Faculty

Click the links below to find more information:


Telehealth GroundbreakingZippity Doo Dah gives to BCHJackson Free ClinicSanderson Farms
  • Kim L. Gratz, PhD

     gratz, kim.jpg

    Professor
    Director, Personality Disorders Research
    Director, Dialectical Behavior Therapy Clinic
    Director, Division of Gender, Sexuality, and Health

    Office: (601) 815-6450
    E-mail: klgratz@umc.edu

    Education

    • BA - Gender Social Psychology, Tulane University, 1996
    • MA - Clinical Psychology, University of Massachusetts Boston, 2000
    • PhD - Clinical Psychology, University of Massachusetts Boston, 2003

    Background

    • Clinical psychology internship, McLean Hospital/Harvard Medical School, 2002-2003
    • Clinical and Research Fellow, Center for the Treatment of Borderline Personality Disorder, McLean Hospital/Harvard Medical School, 2003-2004
    • Assistant Research Psychologist, Center for the Treatment of Borderline Personality Disorder, McLean Hospital/Harvard Medical School, 2004-2005
    • Research Assistant Professor, Clinical Psychology Program and Director of Personality Disorders Division, Center for Addictions, Personality, and Emotion Research, University of Maryland, 2005-2008
    • Assistant Professor, Division of Psychology, Department of Psychiatry and Human Behavior, University of Mississippi Medical Center, 2008-2010
    • Associate Professor, Division of Psychology, Department of Psychiatry and Human Behavior, University of Mississippi Medical Center, 2010-2014
    • Professor with Tenure, Division of Psychology, Department of Psychiatry and Human Behavior, University of Mississippi Medical Center, 2014-present


    Dr. Gratz is a Professor in the Department of Psychiatry and Human Behavior at UMMC, where she serves as Director of Personality Disorders Research and director of the Dialectical Behavior Therapy Clinic. She received her PhD in Clinical Psychology from the University of Massachusetts Boston in 2003, following completion of her pre-doctoral internship training (with an emphasis on the treatment of borderline personality disorder) at McLean Hospital/Harvard Medical School. After being awarded the Psychosocial Fellowship from McLean Hospital/Harvard Medical School in July 2003, she served as a Clinical and Research Fellow in the Center for the Treatment of Borderline Personality Disorder at McLean Hospital from 2003-04, and an Assistant Research Psychologist in this program from 2004-05. In 2005, Dr. Gratz joined the Clinical Psychology Program at the University of Maryland (where she served as Director of the Personality Disorders Division of the Center for Addictions, Personality and Emotion Research for three years), and was awarded the Young Investigator’s Award of the National Education Alliance for Borderline Personality Disorder (NEA-BPD).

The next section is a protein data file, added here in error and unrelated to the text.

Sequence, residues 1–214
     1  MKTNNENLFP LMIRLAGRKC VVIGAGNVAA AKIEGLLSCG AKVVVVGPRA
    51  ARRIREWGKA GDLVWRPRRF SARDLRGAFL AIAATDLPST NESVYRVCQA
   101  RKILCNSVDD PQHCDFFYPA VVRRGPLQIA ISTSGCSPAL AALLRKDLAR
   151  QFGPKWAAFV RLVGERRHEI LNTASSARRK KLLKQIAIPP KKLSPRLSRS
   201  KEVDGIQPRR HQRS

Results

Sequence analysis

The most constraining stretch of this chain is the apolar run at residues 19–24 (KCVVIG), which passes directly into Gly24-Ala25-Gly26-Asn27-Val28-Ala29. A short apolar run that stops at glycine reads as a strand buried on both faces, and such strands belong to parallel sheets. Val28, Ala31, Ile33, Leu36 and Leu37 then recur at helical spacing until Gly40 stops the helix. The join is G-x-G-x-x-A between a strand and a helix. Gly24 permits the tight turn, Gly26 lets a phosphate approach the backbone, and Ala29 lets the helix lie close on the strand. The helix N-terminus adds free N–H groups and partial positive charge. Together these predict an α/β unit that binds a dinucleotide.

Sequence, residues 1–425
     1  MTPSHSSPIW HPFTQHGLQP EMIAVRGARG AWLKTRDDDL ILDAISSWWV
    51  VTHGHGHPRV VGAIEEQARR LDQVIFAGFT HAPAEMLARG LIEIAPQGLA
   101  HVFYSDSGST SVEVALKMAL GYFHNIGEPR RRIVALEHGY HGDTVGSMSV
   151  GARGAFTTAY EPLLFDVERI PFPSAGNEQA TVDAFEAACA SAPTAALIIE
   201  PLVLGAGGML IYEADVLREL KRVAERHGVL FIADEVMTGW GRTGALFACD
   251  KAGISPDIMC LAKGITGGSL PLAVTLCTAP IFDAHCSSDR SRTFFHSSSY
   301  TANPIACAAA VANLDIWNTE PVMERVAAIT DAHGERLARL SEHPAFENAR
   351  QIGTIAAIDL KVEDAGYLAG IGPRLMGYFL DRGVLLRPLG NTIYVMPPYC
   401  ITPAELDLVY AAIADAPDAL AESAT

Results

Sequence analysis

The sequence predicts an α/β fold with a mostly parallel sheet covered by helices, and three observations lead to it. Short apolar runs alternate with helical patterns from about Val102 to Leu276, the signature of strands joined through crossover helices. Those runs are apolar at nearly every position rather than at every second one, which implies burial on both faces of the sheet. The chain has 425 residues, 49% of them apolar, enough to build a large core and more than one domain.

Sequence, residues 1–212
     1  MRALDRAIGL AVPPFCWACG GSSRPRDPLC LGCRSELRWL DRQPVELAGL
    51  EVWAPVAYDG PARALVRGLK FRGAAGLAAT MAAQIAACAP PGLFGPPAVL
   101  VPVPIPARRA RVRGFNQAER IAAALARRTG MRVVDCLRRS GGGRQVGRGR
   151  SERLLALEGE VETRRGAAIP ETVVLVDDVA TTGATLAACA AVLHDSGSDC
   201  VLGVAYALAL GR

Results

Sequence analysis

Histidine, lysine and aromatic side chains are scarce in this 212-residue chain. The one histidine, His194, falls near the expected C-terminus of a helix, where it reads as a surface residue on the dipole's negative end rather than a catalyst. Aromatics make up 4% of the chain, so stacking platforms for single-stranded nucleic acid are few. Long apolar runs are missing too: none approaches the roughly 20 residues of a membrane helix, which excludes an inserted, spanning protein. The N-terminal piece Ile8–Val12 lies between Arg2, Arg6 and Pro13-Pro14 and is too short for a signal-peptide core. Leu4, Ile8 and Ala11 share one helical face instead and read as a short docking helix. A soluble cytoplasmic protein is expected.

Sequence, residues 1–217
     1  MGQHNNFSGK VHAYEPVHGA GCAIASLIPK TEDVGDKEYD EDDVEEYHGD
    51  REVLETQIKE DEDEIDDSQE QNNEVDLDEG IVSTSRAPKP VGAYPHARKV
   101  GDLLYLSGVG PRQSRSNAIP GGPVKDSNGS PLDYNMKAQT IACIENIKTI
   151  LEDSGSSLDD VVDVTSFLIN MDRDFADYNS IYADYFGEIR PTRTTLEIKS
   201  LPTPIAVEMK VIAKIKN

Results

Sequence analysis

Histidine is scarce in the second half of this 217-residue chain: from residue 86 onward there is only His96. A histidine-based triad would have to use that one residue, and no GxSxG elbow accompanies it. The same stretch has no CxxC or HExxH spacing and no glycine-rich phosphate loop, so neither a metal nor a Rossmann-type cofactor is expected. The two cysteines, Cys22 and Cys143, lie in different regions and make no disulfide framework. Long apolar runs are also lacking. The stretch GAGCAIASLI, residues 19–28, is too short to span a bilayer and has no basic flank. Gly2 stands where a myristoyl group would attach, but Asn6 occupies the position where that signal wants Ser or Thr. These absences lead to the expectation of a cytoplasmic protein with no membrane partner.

Research Interests

    Dr. Gratz's clinical and research interests focus on the role of emotion dysregulation, or maladaptive ways of responding to emotions, in borderline personality disorder (BPD), self-injury, and other risky behaviors (including suicidal behaviors, substance misuse, and risky sexual behaviors). In particular, her research focuses on understanding the nature and consequences of emotional dysregulation and avoidance in these conditions (through the use of novel behavioral/experimental paradigms), and applying this understanding to the development of more effective treatments. She is also interested in disseminating these treatments to community clinicians and training clinicians in delivering these treatments.

     

    Recent projects include: examining the efficacy and underlying mechanisms of  an acceptance-based, emotion regulation group therapy (ERGT) for self-injury among women with borderline personality pathology; examining the effectiveness of this treatment in a large-scale nationwide study in Sweden; a laboratory-based study of BPD-relevant personality traits and emotion regulation capacity among women and their infants; a longitudinal study using a novel cognitive task to examine emotional relief/regulation as a prospective predictor of self-injury among young adults with and without BPD; development of a structured interview for assessing DSM-5 NSSID; an examination of the personality traits and underlying processes associated with borderline personality symptoms in youth; and a longitudinal laboratory-based investigation of emotion regulation as a prospective predictor of sexual revictimization and its proximal risk factors.

     

    Dr. Gratz currently serves as Co-Principal Investigator or Co-Investigator on 5 federal grants examining emotion dysregulation, BPD, substance use, and/or mother-child relationships, including a large operating grant funded by the Canadian Institutes of Health Research, an R01 funded by the National Institute of Child Health and Human Development, an R15 funded by the National Institute of Child Health and Human Development, an R21 funded by the National Institute of Mental Health, and an R21 funded by the National Institute on Alcohol Abuse and Alcoholism.

     

    For more information about Dr. Gratz's research or her DBT Clinic, please visit the Personality and Emotion Research and Treatment Laboratory webpage.